Though there was one spot in the game where these ninja type guys tried to attack me in front of my house and me being the brute man that I am… was protecting my family and while I was attacking these guys I accedently killed my wife. I was intending on protecting her… but I killed her on accedent so they took away my child (which is okay I didn’t love him much anyway). But then again, I shouldn’t have had the attack everyone option turned on… I don’t know where I was going with that… other then I killed my wife protecting my family.

    I mean I guess they could add more rounded ways of doing things in fable meaning that you could still complete a mission being both evil or good… you just have a different way of doing it (and there are some missions like that, but there COULD be more)…

    I find that the simple Good/Evil counter is perfect in the game because its what it is all about… though there are really 4 paths in Fable 2 there is Pureity and Corruption, Good and Evil and it is possible to be pure and evil, or Good and Corrupt.

    I somehow managed to be corrupt even when I was trying to be good :( Maybe thats just a part of me ;) ;)

    I am kinda rambling, look at the timestamp for reasons why.

    I like how one of the morrowwind games did it, where you could either go up to the guy, and he would send you on a mission accross the desert that you had to walk forever accross, OOOOOOOOOOR you could just kill him and have all the town guards after you… but both yeild the same result. This does not influence any type of “counter” its just simply your actions have a result.

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  8. Luke Maciak UNITED STATES Mozilla Firefox Ubuntu Linux Terminalist says:

    Travis McCrea wrote:

    Now you could say that this reduces morality to black and white, but maybe our culture has added too many shades of gray to our style of life? I come from the mindset of something is either “right” or its “wrong” 1+1 ALWAYS = 2 and robing someone is ALWAYS bad.

    How about Robin Hood who was robbing the corrupt rich elites to feed the poor starving peasants? While the act of robbery itself is considered disreputable and evil, Robin Hood tends to fall in the gray area. Most people tend to view him as a positive hero type.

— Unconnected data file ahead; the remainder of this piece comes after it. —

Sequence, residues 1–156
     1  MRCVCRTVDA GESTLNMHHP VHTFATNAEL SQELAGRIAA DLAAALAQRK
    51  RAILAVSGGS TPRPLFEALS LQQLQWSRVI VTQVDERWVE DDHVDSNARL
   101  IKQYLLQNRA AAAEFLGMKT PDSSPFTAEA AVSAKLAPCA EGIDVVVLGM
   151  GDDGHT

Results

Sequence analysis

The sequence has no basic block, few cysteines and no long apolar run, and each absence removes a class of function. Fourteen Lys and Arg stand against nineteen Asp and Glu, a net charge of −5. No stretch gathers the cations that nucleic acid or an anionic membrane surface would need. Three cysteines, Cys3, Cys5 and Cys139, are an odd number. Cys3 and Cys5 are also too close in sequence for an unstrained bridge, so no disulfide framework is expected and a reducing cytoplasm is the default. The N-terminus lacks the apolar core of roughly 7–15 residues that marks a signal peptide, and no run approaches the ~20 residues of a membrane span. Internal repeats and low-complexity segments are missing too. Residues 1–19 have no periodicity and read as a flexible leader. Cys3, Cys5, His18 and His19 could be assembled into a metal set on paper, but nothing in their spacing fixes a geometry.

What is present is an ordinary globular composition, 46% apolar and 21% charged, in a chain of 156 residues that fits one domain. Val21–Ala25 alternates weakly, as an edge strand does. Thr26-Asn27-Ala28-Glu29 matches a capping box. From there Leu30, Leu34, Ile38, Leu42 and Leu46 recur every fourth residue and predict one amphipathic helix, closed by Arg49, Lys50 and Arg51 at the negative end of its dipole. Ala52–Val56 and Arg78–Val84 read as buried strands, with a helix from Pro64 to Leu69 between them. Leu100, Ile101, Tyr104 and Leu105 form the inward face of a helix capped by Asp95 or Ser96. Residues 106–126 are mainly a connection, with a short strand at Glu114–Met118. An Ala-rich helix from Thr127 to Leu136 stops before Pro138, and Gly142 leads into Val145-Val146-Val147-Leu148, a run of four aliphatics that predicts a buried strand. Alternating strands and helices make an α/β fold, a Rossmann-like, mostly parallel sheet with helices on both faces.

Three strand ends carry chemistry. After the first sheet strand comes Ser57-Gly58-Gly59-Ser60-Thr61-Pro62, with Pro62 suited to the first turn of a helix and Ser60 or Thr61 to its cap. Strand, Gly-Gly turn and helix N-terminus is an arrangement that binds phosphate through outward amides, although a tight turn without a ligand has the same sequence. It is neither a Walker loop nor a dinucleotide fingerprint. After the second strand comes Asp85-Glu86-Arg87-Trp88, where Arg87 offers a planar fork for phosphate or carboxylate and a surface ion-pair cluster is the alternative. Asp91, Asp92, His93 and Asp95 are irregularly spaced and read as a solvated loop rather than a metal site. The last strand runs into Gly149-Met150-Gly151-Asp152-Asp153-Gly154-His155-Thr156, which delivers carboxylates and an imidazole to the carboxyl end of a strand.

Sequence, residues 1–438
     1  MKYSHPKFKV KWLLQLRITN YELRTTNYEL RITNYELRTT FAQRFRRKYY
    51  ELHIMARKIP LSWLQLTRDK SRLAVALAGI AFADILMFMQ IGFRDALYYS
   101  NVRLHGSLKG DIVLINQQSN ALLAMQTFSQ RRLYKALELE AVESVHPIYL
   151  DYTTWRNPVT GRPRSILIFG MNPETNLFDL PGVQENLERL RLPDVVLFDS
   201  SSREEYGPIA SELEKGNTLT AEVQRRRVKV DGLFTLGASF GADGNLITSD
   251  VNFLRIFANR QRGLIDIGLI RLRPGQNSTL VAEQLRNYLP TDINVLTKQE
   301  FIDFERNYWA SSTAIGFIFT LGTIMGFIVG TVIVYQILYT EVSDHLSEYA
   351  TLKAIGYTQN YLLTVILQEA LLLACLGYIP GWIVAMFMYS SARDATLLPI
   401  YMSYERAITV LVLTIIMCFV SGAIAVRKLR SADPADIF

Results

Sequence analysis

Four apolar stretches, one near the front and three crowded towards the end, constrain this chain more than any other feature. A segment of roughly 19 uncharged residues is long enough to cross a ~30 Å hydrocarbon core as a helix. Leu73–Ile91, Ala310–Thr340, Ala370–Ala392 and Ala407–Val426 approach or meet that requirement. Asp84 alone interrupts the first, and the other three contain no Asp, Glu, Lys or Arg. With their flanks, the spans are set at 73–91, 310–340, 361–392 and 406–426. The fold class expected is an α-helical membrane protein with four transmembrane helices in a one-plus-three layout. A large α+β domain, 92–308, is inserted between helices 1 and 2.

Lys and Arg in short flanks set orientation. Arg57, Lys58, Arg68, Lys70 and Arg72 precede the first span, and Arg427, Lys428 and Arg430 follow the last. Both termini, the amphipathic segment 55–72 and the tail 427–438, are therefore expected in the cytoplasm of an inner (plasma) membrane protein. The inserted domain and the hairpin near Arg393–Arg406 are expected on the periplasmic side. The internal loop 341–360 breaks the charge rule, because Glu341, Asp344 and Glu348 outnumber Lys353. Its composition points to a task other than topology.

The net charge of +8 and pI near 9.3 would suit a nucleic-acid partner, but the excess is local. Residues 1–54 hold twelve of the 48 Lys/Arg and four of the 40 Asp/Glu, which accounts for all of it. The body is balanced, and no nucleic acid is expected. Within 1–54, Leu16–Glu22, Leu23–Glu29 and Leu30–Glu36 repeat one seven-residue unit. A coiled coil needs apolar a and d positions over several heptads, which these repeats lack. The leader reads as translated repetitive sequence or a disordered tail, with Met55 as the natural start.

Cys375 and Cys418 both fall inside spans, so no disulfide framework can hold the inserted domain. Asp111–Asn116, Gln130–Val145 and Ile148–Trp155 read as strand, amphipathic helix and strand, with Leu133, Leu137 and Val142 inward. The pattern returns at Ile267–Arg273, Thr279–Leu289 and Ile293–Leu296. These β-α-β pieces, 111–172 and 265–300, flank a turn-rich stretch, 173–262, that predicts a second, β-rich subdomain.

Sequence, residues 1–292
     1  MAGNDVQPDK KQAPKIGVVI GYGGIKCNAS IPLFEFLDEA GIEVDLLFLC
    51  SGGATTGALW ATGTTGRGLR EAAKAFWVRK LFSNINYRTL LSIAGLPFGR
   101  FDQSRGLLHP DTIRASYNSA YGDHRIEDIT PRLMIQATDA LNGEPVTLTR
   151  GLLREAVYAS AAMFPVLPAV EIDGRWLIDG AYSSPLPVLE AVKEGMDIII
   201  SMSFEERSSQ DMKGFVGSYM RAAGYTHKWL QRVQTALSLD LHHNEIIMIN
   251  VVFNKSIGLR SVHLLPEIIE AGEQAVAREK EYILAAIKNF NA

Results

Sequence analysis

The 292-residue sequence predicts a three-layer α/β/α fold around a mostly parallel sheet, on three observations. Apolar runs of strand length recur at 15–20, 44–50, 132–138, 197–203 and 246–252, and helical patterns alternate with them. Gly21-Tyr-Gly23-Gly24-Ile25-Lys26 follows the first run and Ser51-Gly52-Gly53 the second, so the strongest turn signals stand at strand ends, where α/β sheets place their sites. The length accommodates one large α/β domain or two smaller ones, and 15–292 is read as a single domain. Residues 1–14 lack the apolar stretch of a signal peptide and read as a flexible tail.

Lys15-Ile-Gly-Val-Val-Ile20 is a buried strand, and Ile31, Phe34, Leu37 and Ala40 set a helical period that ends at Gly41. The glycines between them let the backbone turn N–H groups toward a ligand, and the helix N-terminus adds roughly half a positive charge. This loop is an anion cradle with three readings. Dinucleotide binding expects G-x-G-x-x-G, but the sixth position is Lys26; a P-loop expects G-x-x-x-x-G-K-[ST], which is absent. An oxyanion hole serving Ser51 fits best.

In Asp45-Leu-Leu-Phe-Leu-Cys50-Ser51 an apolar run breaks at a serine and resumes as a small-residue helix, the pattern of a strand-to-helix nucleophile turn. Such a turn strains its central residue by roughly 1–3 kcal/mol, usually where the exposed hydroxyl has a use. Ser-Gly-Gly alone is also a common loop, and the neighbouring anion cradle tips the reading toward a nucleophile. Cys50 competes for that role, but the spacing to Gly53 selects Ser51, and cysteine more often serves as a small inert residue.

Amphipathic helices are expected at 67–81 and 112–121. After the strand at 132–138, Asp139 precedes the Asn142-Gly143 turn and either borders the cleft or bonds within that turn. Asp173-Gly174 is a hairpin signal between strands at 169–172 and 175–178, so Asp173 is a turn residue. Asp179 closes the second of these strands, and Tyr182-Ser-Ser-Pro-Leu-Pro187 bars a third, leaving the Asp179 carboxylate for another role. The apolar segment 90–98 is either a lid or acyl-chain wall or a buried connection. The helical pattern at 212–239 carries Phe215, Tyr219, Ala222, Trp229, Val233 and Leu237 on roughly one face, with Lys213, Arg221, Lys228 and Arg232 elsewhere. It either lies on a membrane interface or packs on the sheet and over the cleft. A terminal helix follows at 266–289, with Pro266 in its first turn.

Re: Fable – I haven’t played Fable 2 but in the first game the wives were sort of interchangeable. They had no personalities, and they all used the same 3-4 models so you could easily find replacements. So I didn’t really care for them that much.

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  9. Alphast NETHERLANDS Mozilla Firefox Windows Terminalist says:

    I am currently testing Gothic II (I know it is an old game) and I like the morality system. It is fairly simple: you never know if you are doing something good or bad, but the consequences are going to hit you behind the head quite soon. I mean for instance: a NPC offers to help you sneak in the city in exchange for a “small service in the future”; of course, the service is not small at all and involves sending someone in jail under false accusations; the threat if you don’t comply is to rat you to the police as an intruder. What will you do? By the way, as far as I have seen until now, none of the factions is particularly good. The Paladins are a bunch of arrogant people who boss everyone around and starve the peasants. The peasants have organized a militia to defend against them, but this militia terrorize the people to chose their side. There seem to be a thief faction and a priest/mage faction too, but I doubt they are any better.

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  10. Matt` UNITED KINGDOM Mozilla Firefox Windows Terminalist says:

    Luke Maciak wrote:

    Travis McCrea wrote:

    and robing someone is ALWAYS bad.

    How about Robin Hood who was robbing the corrupt rich elites to feed the poor starving peasants?

    If you look closely, Travis was actually talking about robing people, and I agree entirely that putting a robe onto another person without their consent is a villainous act of the highest order